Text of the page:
Working with a diverse group of partners, MasterCard has launched a new program designed to enable mobile payments via practically any type of gadget -- eventually. Among the "Commerce for Every Device" prototypes being rolled out during the Money 20/20 conference in Las Vegas this week are a payment-enabling GM
key fob, a ring from Ringy and a wristband from Nymi [pictured].
Along with other partners, including celebrity designer (and personal stylist to Rihanna) Adam Selman and Bluetooth locator TrackR, MasterCard said it plans to bring mobile payments to "a wide array of consumer products across the automotive, fashion, technology wearables and yet-to-be-imagined categories."
The program, supported with technology from NXP and Qualcomm, "puts in place a standard for expanding secure contactless and embedded payment options globally," MasterCard said. The first consumer devices designed for the program are expected to become available in 2016 in the U.S., with other markets to follow.
Mobile Shoppers Value Convenience, Rewards
Convenience in mobile payments is especially important to people when they travel, according to a MasterCard-sponsored study from PRIME Research released last month. The "Retail Social Listening Study" also found that consumer rewards and benefits were a key topic of discussion among people sharing information online about shopping and retail.
MasterCard's "Commerce for Every Device" program builds on two other programs: the Digital Enablement Service, announced in 2013, and Digital Enablement Express, unveiled last month. Both are aimed at making contactless, in-app and digital payments easier and more convenient for customers.
One of the first card issuers to take part in MasterCard's latest program is Capital One, which recently launched a wallet app for both Android and iOS users. The app enables real-time tracking of purchases, grouping of expenses by category and camera-based receipt capture.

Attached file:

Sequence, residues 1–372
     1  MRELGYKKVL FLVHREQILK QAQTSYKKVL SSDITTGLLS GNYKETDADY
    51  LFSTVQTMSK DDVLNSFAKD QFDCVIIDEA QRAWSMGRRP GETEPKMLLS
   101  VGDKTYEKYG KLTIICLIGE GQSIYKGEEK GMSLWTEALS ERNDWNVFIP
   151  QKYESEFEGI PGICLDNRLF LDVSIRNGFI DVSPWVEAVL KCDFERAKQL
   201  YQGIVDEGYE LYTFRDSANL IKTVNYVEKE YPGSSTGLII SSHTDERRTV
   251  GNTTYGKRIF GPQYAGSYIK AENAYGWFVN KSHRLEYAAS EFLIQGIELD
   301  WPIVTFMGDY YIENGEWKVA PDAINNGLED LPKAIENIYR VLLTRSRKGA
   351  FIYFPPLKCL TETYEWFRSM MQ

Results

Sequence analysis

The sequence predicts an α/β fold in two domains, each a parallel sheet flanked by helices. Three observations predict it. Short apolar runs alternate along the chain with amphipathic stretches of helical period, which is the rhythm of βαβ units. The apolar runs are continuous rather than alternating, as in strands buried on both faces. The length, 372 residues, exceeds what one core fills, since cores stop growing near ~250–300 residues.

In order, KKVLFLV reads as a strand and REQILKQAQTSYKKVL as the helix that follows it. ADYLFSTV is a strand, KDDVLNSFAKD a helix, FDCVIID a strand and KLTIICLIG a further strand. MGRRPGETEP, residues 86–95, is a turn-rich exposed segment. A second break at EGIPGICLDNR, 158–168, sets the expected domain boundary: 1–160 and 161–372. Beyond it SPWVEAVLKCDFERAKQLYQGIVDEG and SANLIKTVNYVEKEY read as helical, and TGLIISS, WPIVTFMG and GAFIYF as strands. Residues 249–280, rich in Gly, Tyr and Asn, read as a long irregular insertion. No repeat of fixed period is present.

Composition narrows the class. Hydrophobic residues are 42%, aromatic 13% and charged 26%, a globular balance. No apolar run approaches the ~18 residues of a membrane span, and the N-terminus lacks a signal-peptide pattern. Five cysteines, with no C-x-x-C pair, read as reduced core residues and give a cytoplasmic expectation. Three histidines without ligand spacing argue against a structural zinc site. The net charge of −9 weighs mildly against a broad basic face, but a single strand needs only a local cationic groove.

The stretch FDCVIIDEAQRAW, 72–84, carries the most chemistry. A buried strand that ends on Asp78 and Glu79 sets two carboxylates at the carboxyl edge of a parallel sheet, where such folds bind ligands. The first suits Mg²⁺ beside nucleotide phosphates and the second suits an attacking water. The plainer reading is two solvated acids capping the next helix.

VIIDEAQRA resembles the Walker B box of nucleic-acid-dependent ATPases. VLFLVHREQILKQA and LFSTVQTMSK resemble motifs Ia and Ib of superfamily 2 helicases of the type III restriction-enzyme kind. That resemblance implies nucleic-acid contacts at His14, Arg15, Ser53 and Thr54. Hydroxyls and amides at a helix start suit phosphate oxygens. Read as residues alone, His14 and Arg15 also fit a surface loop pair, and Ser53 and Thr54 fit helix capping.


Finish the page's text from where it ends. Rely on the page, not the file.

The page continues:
'Device as ID'
MasterCard said its ambitions to enable payment by any device are part of the fast-evolving Internet of Things, which is expected to see more than 50 billion connected devices by 2020. Even clothing and clothing accessories could eventually be part of that system. For example, Selman has worked with MasterCard to design a prototype of a "payment-enabled" dress.
Such smart devices could help to create what MasterCard called a "seamless, second line of defense, offering new options to signatures, passwords and other forms of identification." The "device-as-ID" concept "offers clear advantages to the general consumer who is concerned about the safety of their personal information, but who doesn't want to be burdened by complicated or time-consuming steps," according to the company.
According to a recent report from the marketing agency PSFK Labs, businesses that want to deliver "the new shopper experience" will have to, among other things, create confidence among their customers and eliminate obstacles to enable easier, streamlined purchasing.
Brendan Miller, an analyst at Forrester Research Inc., told us he hasn't yet been able to take an in-depth look at what MasterCard is doing, but added that the mobile payment market is still in its very early days.
"We're still in the first inning of a long baseball game here," he said, noting that mobile payments really only launched with the debut of Apple Pay last year. "With wearables, we're still in the pre-season."
The idea of enabling card-free and even smartphone-free payments on the go is "fairly compelling," said Miller, who is currently attending the Money 20/20 conference. "I think there's opportunity here. But we're probably at least five years out before we see any traction."